In a way, then, the book has been a decade in the making. Given the level of craft evident from a nominally first-time graphic novelist, that's not something which will surprise you by the time you finish it. But the finish itself may be less to your taste.

Images: S.J. Harris/Jonathan Cape

Alex Hern is a technology reporter for the Guardian. He was formerly staff writer at the New Statesman. You should follow Alex on Twitter.

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How did Don’t Tell the Bride lose its spark?

Falling out of the love with reality TV’s wedding planning hit.

Steph, 23, from Nottinghamshire, is standing in a drizzly field wearing a wedding dress. Her betrothed, Billy, is running around in a tweed flat cap trying to make some pigs walk in “a continuous parade”. A man from Guinness World Records is watching with a clipboard, shaking his head. Bridesmaids gaze sorrowfully into the middle distance, each in a damp pig onesie.

Thus ends the second wedding in E4’s new series of Don’t Tell the Bride – and the programme’s integrity with it.

When the classic programme, which follows grooms attempting to plan their wedding (punchline: human males doing some organising), began a decade ago on BBC Three, it had the raw spark of unpredictability. For eight years, the show did nothing fancy with the format, and stuck with pretty ordinary couples who had few eccentric aspirations for their wedding day.

This usually resulted in run-of-the-mill, mildly disappointing weddings where the worst thing that happened would be a reception at the nearest motorway pub, or an ill-fitting New Look low heel.

It sounds dull, but anyone who has religiously watched it knows that the more low-key weddings expose what is truly intriguing about this programme: the unconditional commitment – or doomed nature – of a relationship. As one of the show’s superfans told the Radio Times a couple of years ago:

“It’s perfect, and not in an ironic or post-ironic or snarky way. The format has the solemn weight of a ceremony . . . Don’t Tell the Bride is not about ruined weddings, it’s about hope. Every wedding is a demonstration of how our ambitions curve away from our abilities. It’s a show about striving to deserve love and how that’s rarely enough.”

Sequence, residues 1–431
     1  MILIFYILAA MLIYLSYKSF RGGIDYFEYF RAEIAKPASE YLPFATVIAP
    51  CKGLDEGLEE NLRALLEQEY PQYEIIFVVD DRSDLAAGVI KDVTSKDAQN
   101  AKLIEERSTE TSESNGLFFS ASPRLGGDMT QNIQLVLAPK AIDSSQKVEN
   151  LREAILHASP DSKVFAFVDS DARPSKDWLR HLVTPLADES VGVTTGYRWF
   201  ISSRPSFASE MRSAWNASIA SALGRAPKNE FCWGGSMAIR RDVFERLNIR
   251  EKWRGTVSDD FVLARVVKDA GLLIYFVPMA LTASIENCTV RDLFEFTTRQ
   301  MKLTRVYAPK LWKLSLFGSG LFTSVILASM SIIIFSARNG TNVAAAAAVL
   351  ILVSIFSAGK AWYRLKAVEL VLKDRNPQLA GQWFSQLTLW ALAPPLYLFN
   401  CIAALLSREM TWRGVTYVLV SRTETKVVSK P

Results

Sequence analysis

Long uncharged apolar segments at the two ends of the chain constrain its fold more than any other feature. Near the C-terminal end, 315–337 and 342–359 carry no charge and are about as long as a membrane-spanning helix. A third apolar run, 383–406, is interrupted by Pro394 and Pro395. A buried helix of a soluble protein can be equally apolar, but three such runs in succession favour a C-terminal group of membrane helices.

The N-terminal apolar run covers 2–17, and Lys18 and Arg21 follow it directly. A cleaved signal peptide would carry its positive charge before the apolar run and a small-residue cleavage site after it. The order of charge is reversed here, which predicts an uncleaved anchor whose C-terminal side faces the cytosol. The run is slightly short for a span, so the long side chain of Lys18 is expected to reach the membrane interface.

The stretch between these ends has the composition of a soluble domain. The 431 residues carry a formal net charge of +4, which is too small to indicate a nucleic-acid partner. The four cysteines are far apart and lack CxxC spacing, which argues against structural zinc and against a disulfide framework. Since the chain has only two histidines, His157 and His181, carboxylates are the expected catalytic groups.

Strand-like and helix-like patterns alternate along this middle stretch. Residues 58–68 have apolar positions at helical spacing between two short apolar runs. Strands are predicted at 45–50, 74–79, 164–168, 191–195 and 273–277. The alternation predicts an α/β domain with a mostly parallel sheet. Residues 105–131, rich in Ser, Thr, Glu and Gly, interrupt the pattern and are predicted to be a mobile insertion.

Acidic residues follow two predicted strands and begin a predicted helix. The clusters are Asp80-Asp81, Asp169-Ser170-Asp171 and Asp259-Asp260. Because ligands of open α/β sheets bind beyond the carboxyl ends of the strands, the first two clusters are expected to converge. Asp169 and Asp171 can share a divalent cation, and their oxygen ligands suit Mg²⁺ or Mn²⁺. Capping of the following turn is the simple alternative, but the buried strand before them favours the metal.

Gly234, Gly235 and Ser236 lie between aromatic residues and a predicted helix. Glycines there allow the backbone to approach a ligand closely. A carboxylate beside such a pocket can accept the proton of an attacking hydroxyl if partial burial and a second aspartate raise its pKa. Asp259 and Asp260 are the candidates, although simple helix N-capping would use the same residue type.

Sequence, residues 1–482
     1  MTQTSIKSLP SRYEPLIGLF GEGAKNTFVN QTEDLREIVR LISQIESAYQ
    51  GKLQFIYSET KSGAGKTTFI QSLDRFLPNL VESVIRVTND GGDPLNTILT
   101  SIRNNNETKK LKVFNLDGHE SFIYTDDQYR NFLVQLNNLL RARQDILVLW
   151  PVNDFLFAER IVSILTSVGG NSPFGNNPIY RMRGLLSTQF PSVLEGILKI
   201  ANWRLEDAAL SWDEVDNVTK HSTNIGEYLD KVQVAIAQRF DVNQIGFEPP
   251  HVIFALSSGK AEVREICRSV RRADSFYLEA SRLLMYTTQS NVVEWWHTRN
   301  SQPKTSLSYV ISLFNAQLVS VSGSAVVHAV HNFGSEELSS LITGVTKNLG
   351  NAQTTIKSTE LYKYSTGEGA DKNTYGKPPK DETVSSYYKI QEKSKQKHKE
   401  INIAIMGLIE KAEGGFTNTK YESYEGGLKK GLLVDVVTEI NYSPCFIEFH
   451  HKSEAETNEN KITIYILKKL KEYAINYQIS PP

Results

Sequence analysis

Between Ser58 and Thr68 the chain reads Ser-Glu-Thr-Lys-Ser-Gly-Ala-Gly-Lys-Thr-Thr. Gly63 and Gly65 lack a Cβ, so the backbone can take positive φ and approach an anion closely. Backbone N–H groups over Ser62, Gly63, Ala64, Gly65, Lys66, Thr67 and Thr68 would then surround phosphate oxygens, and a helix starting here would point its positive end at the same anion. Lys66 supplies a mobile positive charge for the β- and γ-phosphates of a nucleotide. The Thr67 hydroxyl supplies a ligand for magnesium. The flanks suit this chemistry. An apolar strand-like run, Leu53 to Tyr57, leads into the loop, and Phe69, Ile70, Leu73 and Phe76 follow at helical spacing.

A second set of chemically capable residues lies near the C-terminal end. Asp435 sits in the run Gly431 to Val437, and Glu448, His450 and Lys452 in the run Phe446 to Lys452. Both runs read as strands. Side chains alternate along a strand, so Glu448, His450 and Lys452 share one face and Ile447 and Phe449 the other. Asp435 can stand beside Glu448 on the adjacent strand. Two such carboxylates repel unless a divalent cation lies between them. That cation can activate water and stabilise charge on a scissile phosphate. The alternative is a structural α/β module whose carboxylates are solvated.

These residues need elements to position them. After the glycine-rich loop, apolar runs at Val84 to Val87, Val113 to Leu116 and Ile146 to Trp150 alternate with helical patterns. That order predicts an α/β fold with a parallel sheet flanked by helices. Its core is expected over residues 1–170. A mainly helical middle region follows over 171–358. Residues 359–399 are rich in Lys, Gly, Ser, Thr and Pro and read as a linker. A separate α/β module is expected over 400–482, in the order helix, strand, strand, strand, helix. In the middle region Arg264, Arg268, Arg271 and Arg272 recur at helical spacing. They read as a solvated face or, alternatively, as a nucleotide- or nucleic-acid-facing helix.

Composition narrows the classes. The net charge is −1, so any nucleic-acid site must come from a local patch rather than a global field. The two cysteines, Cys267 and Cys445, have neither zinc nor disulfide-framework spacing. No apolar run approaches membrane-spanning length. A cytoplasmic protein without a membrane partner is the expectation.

It also meant that when there were bombshells, they were stand-out episodes. High drama like Series 4’s notorious Las Vegas wedding almost resulting in a no-show bride. Or heart-warming surprises like the geezer Luke in Series 3 playing Fifa and guzzling a tinny on his wedding morning, who incongruously pulls off a stonking wedding day (complete with special permission from the Catholic Church).

For its eight years on BBC Three, a few wildcard weddings were thrown into the mix of each series. Then the show had a brief affair with BBC One, a flirt with Sky, and is now on its tenth year, 13th series and in a brand new relationship – with the more outrageous E4.

During its journey from BBC Three, the show has been losing its way. Tedious relationship preamble has been used to beef up each episode. Some of the grooms are cruel rather than clueless, or seem more pathetic and vulnerable than naïve. And wackier weddings have become the norm.

The programme has now fully split from its understated roots. Since it kicked off at the end of July, every wedding has been a publicity stunt. The pig farm nuptials are sandwiched between a Costa del Sol-based parasail monstrosity and an Eighties Neighbours-themed ceremony, for example. All facilitated by producers clearly handing the groom and best men karaoke booth-style props (sombreros! Inflatable guitars! Wigs!) to soup up the living room planning process.

Such hamminess doesn’t give us the same fly-on-the-wall flavour of a relationship as the older episodes. But maybe this level of artifice is appropriate. As one groom revealed to enraged fans in The Sun this week, the ceremonies filmed are not actually legally binding. “It makes a bit of a mockery of the process that the bride and groom go through this huge ordeal for a ceremony which isn’t even legal,” he said. Perhaps we should’ve predicted it would all eventually end in divorce – from reality.

Don’t Tell the Bride is on E4 at 9pm

Anoosh Chakelian is senior writer at the New Statesman.